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The main function of a controller or regulator is to fully charge a battery without permitting overcharge while preventing reverse current flow at night. If a non-self-regulating solar array is connected to lead acid batteries with no overcharge protection, battery life will be compromised. Simple controllers contain a transistor that shunts the PV charging circuit, terminating the charge at a pre-set high voltage and, once a pre-set reconnect is reached, opens the shunt, allowing charging to resume. More sophisticated controllers utilize pulse width modulation (PWM) or maximum power point tracking (MPPT) to assure the battery is being fully charged. The first 70 percent to 80 percent of battery capacity is easily replaced, but the last 20 percent to 30 percent requires more attention and therefore more complexity.

How controllers work and available options

The circuitry in a controller reads the voltage of the batteries to determine the state of charge. Designs and circuits vary, but most controllers read voltage to control the amount of current flowing into the battery as the battery nears full charge. Features of a controller to consider include:

Reverse current leakage protection - by disconnecting the array or using a blocking diode to prevent current loss into the solar modules at night.

Low-voltage load disconnect (LVD) - to reduce damage to batteries by avoiding deep discharge.

System monitoring - analog or digital meters, indicator lights and/or warning alarms.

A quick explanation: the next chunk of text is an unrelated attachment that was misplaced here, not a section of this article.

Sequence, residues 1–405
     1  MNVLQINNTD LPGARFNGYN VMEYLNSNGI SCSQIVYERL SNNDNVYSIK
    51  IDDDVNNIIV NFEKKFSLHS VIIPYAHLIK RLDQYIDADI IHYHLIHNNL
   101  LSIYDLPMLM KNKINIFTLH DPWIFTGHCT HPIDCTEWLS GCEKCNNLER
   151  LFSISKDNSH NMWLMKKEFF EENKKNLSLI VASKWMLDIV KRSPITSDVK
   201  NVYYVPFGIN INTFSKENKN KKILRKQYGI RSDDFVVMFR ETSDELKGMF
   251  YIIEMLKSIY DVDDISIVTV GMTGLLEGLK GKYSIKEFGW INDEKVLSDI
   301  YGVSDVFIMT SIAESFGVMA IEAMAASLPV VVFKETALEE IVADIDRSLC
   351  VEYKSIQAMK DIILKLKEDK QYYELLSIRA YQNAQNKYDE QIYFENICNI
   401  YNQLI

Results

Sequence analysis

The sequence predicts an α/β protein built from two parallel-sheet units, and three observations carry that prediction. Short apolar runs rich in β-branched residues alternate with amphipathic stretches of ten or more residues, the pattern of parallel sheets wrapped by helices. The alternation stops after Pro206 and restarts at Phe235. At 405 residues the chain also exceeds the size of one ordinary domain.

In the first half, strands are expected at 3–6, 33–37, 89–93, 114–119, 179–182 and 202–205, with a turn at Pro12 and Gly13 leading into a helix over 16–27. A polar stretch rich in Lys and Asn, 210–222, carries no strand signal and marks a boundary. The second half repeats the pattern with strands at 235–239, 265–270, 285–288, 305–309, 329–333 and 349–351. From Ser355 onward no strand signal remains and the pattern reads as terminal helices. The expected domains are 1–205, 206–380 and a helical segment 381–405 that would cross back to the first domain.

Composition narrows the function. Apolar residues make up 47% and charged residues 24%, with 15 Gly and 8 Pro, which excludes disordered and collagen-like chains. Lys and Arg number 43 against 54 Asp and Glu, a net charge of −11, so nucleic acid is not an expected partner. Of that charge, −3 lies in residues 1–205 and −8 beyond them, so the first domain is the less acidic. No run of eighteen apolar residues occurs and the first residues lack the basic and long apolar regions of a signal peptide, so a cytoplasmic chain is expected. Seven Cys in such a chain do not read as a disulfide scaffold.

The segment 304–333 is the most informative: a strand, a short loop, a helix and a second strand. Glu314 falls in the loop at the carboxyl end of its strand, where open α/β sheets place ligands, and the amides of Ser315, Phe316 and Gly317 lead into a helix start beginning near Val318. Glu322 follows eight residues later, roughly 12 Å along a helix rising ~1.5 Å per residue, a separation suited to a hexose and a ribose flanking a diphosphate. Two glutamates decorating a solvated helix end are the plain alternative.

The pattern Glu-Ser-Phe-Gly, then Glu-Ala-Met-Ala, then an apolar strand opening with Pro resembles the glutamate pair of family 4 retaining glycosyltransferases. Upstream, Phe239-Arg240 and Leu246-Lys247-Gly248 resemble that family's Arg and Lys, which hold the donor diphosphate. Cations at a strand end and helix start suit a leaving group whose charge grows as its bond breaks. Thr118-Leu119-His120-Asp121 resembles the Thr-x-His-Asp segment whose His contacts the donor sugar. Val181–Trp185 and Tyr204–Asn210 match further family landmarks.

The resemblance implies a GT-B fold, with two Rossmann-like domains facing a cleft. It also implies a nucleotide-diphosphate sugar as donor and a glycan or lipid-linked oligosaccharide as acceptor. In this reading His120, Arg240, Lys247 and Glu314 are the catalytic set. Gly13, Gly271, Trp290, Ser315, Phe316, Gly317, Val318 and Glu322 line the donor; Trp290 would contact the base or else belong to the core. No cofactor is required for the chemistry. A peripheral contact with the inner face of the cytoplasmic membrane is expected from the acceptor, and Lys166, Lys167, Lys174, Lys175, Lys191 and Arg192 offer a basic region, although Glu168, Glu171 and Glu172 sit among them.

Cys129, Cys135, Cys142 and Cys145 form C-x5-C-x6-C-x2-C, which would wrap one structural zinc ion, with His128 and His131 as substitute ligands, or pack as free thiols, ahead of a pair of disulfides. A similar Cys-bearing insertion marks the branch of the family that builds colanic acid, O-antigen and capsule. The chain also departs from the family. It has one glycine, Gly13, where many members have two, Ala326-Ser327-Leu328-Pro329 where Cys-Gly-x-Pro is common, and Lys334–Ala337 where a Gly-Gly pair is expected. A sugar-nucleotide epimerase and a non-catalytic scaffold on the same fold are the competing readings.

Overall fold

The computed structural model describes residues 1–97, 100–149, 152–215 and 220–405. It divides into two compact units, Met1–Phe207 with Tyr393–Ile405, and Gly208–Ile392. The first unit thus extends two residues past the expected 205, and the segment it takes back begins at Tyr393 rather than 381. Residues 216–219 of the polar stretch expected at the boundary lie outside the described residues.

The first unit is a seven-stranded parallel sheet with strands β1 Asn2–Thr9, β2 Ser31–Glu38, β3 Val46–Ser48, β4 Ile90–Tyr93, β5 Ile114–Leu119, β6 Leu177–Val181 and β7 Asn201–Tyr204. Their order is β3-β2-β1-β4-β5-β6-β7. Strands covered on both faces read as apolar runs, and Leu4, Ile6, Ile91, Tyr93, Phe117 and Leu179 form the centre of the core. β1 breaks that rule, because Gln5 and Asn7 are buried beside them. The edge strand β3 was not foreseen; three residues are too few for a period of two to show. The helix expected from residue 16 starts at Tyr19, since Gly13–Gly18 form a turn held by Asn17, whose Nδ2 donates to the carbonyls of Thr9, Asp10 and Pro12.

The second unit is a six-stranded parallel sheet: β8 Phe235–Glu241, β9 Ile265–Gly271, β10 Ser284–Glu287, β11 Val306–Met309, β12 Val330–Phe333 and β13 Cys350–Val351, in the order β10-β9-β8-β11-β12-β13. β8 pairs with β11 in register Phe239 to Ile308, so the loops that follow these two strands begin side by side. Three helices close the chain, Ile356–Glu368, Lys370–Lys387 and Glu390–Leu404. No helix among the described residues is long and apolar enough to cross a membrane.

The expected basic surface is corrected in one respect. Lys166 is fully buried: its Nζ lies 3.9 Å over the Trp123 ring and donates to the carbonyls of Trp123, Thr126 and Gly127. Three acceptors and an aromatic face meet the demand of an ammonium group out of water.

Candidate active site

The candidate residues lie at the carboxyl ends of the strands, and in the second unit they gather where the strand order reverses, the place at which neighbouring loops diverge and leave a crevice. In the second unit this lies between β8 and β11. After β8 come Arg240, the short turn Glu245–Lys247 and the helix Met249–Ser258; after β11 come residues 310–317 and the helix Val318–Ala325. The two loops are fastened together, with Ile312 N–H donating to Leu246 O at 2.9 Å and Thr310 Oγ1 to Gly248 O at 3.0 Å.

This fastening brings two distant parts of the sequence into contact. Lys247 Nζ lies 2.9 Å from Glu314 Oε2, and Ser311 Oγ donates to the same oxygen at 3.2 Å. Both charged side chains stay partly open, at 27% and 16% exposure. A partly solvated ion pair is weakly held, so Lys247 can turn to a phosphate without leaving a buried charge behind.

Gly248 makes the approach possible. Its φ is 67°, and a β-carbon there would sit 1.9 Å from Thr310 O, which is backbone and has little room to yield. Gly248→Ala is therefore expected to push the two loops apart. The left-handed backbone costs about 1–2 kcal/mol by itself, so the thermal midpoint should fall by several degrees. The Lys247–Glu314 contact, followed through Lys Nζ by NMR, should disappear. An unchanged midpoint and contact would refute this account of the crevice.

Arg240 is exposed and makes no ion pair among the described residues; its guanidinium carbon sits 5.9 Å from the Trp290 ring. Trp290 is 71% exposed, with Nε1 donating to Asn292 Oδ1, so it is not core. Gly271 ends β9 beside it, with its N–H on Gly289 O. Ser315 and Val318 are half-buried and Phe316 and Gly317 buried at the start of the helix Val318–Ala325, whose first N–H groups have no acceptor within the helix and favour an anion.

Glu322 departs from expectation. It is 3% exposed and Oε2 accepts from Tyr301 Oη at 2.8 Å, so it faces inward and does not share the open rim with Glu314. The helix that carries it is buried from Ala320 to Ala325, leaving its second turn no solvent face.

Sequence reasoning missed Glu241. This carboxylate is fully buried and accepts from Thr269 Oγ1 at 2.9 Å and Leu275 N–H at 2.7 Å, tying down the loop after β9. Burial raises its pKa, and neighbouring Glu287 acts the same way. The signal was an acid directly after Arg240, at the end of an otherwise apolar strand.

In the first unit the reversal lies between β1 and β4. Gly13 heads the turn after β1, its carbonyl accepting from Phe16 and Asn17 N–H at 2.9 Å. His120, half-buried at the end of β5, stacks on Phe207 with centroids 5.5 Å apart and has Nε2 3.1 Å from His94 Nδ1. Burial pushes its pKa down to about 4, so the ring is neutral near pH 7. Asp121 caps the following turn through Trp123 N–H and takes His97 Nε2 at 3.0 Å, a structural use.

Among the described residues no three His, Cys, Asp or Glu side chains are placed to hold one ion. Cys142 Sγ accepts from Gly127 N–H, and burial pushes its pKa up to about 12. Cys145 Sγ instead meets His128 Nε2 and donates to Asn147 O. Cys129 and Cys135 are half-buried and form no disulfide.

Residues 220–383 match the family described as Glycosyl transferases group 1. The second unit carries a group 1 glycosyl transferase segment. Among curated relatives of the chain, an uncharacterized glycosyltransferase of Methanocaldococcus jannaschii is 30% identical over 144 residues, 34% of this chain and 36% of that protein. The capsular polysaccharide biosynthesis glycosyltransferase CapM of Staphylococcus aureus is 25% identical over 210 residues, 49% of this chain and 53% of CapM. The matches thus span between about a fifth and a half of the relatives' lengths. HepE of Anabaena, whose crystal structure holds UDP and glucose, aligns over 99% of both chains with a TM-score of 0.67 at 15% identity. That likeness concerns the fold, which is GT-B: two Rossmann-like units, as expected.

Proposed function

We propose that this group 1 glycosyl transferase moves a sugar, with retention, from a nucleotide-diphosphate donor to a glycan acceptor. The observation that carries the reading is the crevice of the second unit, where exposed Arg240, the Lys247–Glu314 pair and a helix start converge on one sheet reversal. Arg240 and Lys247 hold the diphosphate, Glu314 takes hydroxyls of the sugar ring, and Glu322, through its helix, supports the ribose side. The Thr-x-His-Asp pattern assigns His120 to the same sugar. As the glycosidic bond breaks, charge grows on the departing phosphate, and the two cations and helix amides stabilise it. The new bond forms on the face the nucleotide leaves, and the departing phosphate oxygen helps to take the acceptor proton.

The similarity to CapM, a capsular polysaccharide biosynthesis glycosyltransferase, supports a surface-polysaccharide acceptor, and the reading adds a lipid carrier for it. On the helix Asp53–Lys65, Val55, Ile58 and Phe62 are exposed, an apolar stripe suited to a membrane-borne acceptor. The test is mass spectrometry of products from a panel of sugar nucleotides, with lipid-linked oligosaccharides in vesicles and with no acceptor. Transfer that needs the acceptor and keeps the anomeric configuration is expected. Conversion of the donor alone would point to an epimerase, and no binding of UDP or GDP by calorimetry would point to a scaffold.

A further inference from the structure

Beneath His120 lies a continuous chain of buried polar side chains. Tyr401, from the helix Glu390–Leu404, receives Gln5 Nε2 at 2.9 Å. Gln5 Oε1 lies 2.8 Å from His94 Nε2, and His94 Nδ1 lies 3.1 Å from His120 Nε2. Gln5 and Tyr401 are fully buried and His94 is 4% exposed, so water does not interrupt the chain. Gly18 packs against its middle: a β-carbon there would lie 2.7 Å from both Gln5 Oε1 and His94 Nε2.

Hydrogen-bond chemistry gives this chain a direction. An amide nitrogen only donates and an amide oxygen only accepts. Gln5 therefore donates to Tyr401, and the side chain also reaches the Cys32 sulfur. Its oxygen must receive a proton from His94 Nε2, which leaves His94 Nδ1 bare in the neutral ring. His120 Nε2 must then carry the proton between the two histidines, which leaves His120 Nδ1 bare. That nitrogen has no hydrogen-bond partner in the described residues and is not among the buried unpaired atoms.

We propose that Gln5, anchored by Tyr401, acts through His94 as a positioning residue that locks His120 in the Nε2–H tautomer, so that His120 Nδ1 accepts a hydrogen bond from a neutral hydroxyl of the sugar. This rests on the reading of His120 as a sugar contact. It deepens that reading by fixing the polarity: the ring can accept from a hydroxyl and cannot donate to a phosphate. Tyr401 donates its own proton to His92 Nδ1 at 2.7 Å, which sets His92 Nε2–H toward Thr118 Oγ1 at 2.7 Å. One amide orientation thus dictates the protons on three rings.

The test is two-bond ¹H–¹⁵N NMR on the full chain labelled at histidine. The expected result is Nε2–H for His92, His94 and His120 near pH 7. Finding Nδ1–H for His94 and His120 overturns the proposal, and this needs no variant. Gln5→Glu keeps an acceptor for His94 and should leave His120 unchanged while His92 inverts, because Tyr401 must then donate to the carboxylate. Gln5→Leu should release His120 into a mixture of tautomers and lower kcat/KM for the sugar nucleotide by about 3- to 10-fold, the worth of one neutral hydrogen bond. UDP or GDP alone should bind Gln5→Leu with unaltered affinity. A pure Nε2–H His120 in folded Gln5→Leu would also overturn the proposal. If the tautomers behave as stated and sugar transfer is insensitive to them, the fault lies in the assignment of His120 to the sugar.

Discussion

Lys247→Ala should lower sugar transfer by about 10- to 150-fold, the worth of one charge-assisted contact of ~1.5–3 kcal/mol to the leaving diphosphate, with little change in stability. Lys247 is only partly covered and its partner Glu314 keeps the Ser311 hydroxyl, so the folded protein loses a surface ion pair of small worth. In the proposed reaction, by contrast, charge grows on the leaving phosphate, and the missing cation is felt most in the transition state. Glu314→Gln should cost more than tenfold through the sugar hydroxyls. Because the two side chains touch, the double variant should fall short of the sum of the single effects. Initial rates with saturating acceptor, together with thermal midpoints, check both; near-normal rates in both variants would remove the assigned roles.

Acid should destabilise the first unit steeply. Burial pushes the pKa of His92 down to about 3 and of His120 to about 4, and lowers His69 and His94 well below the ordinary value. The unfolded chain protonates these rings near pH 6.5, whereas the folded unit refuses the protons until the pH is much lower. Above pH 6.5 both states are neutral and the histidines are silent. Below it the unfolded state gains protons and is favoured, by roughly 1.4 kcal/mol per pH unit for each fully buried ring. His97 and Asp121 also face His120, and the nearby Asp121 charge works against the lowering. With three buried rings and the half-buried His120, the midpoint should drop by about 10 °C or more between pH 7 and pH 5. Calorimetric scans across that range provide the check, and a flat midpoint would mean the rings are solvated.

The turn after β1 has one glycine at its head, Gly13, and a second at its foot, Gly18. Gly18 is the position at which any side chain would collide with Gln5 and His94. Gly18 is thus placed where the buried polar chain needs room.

Over current protection - with fuses and/or circuit breakers.

Mounting options - flush mounting, wall mounting, indoor or outdoor enclosures.

System control - control of other components in the system; standby generator or auxiliary charging system, diverting array power once batteries are charged, transfer to secondary batteries.

Load control - automatic control of secondary loads, or control of lights, water pumps or other loads with timers or switches.

Temperature compensation - utilized whenever batteries are placed in a non-climate controlled space. The charging voltage is adjusted to the temperature.

Pulse Width Modulation (PWM) - an efficient charging method that maintains a battery at its maximum state of charge and minimizes sulfation build-up by pulsing the battery voltage at a high frequency.

Maximum Power Point Tracking (MPPT) - a new charging method designed to extract the most power possible out of a solar module by altering its operating voltage to maximize the power output.



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